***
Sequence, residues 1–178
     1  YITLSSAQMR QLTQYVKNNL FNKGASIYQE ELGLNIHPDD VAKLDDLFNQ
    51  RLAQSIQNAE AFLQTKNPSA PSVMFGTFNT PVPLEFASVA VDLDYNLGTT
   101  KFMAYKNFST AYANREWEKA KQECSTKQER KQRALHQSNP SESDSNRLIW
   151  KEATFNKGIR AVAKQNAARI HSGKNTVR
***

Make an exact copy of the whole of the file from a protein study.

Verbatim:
Sequence, residues 1–178
     1  YITLSSAQMR QLTQYVKNNL FNKGASIYQE ELGLNIHPDD VAKLDDLFNQ
    51  RLAQSIQNAE AFLQTKNPSA PSVMFGTFNT PVPLEFASVA VDLDYNLGTT
   101  KFMAYKNFST AYANREWEKA KQECSTKQER KQRALHQSNP SESDSNRLIW
   151  KEATFNKGIR AVAKQNAARI HSGKNTVR